- The Washington Times - Saturday, February 23, 2008

INDIANAPOLIS — There was the business of filling out his coaching staff, visiting with random players, watching video of the Senior Bowl game and practices, meeting with the front office to discuss the start of free agency, making decisions about the roster and putting a bid in for a house in Northern Virginia.

And, not last and certainly not least, there is the matter of finishing the playbook, a process that remains in progress.

Jim Zorn has worked nonstop since he became the Washington Redskins’ new coach on Feb. 9.

“I’ve been getting in early in the morning and the next time I look up, it’s after dinner,” he said.

Zorn’s busy schedule continued at the NFL Scouting Combine. Following a 30-minute interview, he spent two hours with his offensive coaches to go over the new passing game, spent time at the Indiana Convention Center evaluating prospects, conducted a 12-minute group interview and then talked with prospects.

“I hit the ground running, and I think it’s a good pace,” Zorn said. “I haven’t really felt overwhelmed because there are a lot of people doing their job and if that happens, it makes it so much better. We’re getting a lot accomplished in a short amount of time.

“The thing we’re scrambling to do is get the playbook written up and written up in such a way that it’s clear because that will be some of the bigger changes will take place in the passing game.”

With the arrival of offensive coordinator Sherman Smith to Indianapolis on Thursday night, Zorn can hold a full staff meeting, complete with the five new arrivals: Zorn, Smith, assistant head coach-running backs Stump Mitchell, offensive assistant Chris Meidt and defensive line coach John Palermo.

Zorn also has been briefed on the Redskins’ salary cap situation and has received thumbnail sketches of veterans who will become free agents on Friday.

“Everything’s been really smooth,” executive vice president Vinny Cerrato said. “We went over the players and then had our free agent meetings. He has somewhat of a feel at this point but he’s been busy with everything like the offense. I think they’re catching up to speed.”

Zorn has met with players who have stopped by Redskin Park and has spoken on the phone with backup quarterback Todd Collins, who along with kick returner Rock Cartwright, are the Redskins’ two prominent free agents.

Cartwright, a special teams ace but third-string running back, will test the open market but a team source said the Redskins expect to retain him after agent Drew Rosenhaus can’t find a legitimate running back opportunity for his client.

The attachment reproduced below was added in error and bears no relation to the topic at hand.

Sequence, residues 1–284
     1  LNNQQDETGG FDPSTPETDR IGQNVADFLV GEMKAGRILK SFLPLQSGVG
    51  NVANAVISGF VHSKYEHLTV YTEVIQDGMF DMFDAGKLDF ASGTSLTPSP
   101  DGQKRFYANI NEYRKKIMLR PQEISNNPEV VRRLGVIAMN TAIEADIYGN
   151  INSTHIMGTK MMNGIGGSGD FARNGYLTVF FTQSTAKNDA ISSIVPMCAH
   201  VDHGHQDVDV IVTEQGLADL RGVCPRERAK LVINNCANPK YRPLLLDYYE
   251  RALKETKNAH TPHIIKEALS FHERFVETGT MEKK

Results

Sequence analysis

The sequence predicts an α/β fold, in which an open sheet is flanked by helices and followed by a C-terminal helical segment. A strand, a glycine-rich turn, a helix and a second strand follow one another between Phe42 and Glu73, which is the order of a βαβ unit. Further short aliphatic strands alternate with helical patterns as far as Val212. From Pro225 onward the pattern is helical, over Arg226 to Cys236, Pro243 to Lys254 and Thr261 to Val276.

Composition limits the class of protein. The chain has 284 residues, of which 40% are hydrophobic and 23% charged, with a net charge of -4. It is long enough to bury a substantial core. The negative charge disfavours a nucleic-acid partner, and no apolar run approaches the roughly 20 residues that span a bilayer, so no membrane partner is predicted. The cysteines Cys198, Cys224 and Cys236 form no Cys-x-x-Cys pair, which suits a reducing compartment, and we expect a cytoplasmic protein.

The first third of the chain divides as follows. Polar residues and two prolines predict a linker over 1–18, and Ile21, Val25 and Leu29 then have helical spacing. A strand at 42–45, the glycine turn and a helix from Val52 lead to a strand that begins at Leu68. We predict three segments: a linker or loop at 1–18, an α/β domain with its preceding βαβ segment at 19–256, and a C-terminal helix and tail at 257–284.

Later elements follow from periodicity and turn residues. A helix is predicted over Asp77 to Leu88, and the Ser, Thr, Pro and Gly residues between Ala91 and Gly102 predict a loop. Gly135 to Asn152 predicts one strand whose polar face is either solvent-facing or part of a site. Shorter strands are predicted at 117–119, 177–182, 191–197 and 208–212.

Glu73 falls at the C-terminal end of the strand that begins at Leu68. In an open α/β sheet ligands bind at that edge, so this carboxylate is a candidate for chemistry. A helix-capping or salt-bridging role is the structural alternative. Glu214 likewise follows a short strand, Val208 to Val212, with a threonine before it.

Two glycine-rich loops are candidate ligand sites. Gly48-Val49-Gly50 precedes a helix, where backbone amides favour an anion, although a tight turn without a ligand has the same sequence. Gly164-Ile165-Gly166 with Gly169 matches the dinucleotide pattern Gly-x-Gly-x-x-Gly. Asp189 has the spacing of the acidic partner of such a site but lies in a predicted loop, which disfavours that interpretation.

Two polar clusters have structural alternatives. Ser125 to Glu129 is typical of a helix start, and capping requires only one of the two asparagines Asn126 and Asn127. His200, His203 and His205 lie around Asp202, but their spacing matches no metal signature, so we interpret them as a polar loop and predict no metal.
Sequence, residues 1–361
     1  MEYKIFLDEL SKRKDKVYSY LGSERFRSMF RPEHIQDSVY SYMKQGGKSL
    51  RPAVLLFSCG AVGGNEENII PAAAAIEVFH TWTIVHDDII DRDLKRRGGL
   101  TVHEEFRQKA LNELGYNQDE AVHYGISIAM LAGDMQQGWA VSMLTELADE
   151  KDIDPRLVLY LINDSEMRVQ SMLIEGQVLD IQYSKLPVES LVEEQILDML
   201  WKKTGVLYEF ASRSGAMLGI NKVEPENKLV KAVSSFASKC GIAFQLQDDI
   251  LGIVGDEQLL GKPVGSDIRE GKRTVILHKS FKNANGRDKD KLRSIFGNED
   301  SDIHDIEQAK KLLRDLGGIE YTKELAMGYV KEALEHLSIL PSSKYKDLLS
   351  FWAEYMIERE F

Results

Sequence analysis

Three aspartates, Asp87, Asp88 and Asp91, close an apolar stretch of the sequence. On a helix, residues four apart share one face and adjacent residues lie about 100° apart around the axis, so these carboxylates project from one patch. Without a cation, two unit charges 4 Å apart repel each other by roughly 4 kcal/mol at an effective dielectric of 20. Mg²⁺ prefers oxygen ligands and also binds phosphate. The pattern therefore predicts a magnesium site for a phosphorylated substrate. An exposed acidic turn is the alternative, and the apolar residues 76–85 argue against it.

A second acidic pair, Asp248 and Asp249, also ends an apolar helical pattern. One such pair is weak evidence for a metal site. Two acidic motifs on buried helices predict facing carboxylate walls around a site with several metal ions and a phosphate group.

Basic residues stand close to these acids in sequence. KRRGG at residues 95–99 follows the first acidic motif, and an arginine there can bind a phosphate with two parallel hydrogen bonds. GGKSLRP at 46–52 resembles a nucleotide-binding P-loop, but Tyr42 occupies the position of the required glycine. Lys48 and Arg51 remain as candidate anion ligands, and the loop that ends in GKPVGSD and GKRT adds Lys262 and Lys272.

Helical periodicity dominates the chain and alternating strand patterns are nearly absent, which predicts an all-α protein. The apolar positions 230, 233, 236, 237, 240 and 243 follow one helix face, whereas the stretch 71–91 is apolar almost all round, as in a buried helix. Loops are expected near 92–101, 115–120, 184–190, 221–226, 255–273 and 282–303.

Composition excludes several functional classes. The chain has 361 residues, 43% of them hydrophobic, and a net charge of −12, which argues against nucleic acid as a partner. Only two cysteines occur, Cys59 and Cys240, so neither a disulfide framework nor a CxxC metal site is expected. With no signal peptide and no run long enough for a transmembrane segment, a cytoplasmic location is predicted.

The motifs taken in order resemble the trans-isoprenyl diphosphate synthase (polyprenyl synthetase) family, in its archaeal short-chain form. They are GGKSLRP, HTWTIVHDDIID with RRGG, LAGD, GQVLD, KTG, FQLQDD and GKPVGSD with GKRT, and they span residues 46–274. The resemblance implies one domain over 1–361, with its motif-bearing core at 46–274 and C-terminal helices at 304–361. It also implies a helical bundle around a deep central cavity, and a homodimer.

“I’ve met Rock and we’ve had a couple of good conversations,” Zorn said. “I hope we get him [back]. He has real value. I see him as a Redskin, and I hope he does, too.”

Zorn confirmed he wants Collins to return but as the No. 2. There will be no competition — Jason Campbell is the starter.

“We’ve told Todd he’s important to this club, but he’s not going to get that chance [to compete] because Jason is our starting QB and here’s why: Jason must know he’s the starter,” Zorn said. “I don’t want to go into mini-camp or training camp with him not knowing that or having the job up for grabs. I don’t want Jason to think, ‘Oh, my gosh, if I make one mistake, I’m going to be pulled.’ That’s not the way to go into camp. He’s going to play 16 games, and he’s going to lead us into the playoffs as far as I’m concerned.”

Collins has to decide whether to pursue a chance where he could compete for a starting job in, for example, Atlanta or Miami, or return to the Redskins.

“He’ll be good for Jason because it’s a veteran instructing a guy when I’m not in the room,” Zorn said.

Zorn and Campbell will begin working March 17.

“I don’t know if I would call it a ‘Quarterback School,’ but I want to go out there and help him with some drill work,” Zorn said.

Asked whether Campbell fits what a West Coast offense requires of the triggerman, Zorn said: “If Jason was a plodder, a guy who was a slow drop-back guy and couldn’t move, it would be difficult for him. But he has excellent feet. I’ll have to drill him on the idea of moving, changing directions and getting rid of the ball on rhythm. I think he can do it.”

The Redskins aren’t expected to be active in free agency, which will give Zorn and his staff more time to evaluate the draft class. Washington has six picks, including the 21st overall selection.

“We continued our process and going through it with the [assistant] coaches, but we had to juggle around the meetings because he was so busy hiring his coaches,” director of player personnel Scott Campbell said. “We were informing him of what we were doing the whole time. He’s been great to work with so far.”

On his new job for three weeks, Zorn said the feeling of being a head coach “is sinking in very strongly.”

“I feel very good about it,” he said. “I didn’t know if I would have a sense of being overwhelmed. … There will be pressures coming that I don’t even know about yet. I’m not going to be nervous about that. If I can use common sense, I’m hoping those decisions will come in a natural way.”

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